27 candidates, a lively Speech Night, and a flurry of campaign posters. After a competitive election, the senators from the class of 2027 were sworn into office on Oct. 2, marking the start of a new term.
As the semester kicks off, the senators are working to pursue their goals, craft new initiatives, and launch their mandatory senate projects.
Sebastian Pollock ’27, for instance, is determined to combat concerns over the AAS’ lack of awareness and transparency, an issue that matters deeply to him. He hopes to improve representation and help the student body gain a better understanding of the senate’s goals and responsibilities. To accomplish this, he plans to engage in frequent conversations with students on campus, or contribute to a column in The Student.
“I know it doesn’t seem like much, but a quick conversation with somebody and just hearing them out, or listening to anything that they have to share, would actively help me represent their voice,” Pollock said.
GeorgeDaniel Dixon ’27, on the other hand, hopes to represent the voices and needs of first-generation or low-income students. Coming from a low-income background, Dixon believes in the importance of not only publicizing the resources available to Amherst students, but also helping students feel comfortable accessing them.
One of his ideas, Dixon said, is to implement “Take Your Friend Out,” a program similar to Take Your Professor Out (TYPO) or Take Your Staff Out (TYSO), which would provide students with funding to explore the Amherst community and neighboring towns with their friends, instead of being limited by financial challenges.
In addition, Angelina Flores ’27 is interested in collaborating with Dixon on a project to expand AC bucks, in hopes of providing low-income students with more inclusive opportunities. She has also drafted a variety of ideas for her senate project, such as implementing more eco-friendly policies, organizing self-defense classes for women, and organizing programs to help students navigate the gym equipment.
As the only woman elected, Flores encourages other female students to take the initiative and run for senate next term. She hopes to see a more inclusive senate that represents the perspectives and identities of a larger portion of the student community.
“I really wish that there were other people to represent that part of the student body,” Flores said. “We are supposed to be representing the entire freshman class, and when you have seven men and one woman, how good of a job are we really doing?” (There are now only six male senators following the resignation of Oscar Gosling ’27.)
In addition to expanding resources for low-income students, another goal shared among multiple senators was to bolster class spirit and offer more bonding activities for first-year students. Noah Turbes ’27, for instance, suggested hosting friendly competitions or field days between different dorms on campus, in order to foster a greater sense of community among students of diverse backgrounds.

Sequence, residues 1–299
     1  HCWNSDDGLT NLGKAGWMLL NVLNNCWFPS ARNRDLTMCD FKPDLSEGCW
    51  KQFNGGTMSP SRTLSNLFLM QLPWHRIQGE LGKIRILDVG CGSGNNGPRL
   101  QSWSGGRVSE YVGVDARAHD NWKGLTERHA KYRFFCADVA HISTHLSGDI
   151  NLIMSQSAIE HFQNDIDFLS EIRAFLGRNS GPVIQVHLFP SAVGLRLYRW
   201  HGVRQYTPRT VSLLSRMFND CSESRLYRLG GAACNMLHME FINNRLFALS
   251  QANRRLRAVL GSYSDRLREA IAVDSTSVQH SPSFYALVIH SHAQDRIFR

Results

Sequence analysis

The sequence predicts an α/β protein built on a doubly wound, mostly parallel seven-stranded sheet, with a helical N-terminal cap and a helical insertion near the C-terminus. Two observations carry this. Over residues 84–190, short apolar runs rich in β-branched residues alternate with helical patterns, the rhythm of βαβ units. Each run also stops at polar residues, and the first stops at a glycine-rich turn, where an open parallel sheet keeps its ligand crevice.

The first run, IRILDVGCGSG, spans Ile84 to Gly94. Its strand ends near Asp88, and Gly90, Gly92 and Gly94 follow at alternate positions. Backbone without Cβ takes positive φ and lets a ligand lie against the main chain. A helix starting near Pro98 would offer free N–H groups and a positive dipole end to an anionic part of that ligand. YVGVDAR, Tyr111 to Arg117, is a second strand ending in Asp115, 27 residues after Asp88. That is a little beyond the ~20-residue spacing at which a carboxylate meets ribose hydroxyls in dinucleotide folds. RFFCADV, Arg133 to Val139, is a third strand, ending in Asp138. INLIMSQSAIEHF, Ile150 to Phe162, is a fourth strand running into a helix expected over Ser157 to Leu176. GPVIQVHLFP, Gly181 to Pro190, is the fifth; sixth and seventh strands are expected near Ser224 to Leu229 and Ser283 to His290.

“Some dorms don’t really feel like a community, [so I want to] try to make sure that people know the people in their dorm [and] across their floor through different dorm-hosted events, so people can come out and get to know each other across different social boundaries that a lot of times in these four weeks I’ve seen hold us back,” Turbes said.
Similarly, Jeb Allen ’27 said his primary goal is to provide Amherst students with a Mascot costume, which he believes will bring greater camaraderie to athletic, academic and artistic events on campus. A few senators are currently working on this initiative, Allen said, and he has joined their efforts by reaching out to alumni and brainstorming opportunities for fundraising.
To bridge the gap between students and the town of Amherst, Prakhar Agrawal ’27 plans to host fundraising events, such as 5K runs and bake sales, to raise money for charities and local causes. Although Amherst is a college town, Agrawal said, he notices that students do not often interact with the broader community. Through these events, Agrawal strives to help students step outside of the “Amherst College bubble” and engage with the community around them.
During their first meeting on Oct. 2, senators from the class of 2027 were elected to the Budgetary Committee (BC) and the Judiciary Council (JC). Rizwan Ayub ’27 and Dixon were elected to the BC, which is tasked with handling the finances of all student organizations at the college. Dixon said he was interested in joining the BC because he believes that clubs and student-run organizations play an integral role in building community.
“Putting funding toward clubs cultivates community,” Dixon said. “And if clubs don’t have that funding to cultivate community, how do you expect [students] to be more involved with the Amherst community?”
In addition, Flores and Turbes were elected to the JC, which handles issues related to the AAS’ constitution, ranging from amendments to formal complaints. As someone who is interested in pursuing a career in law, Turbes said, he was drawn to this opportunity.
“Someday, I would love to serve, especially in defense and different court levels across the nation,” Turbes said. “[I want to] see how a court, our Judiciary Council, would implement the constitution across these different rules, because that’s the kind of thing I’d love to go into in the future.”
Ultimately, with the start of a new term, the newly elected senators said they are eager to make an impact and represent their community. Even though the election has concluded, Ayub said, he wants to emphasize that he will continue hearing and acknowledging the voices of the student body.
“Everybody voted, [and] now they don’t even think about it until the next election comes up, [but] you should really feel free to contact any of your senators, [and] feel free to contact me,” Ayub said. “We work for you, and we want to hear your ideas.”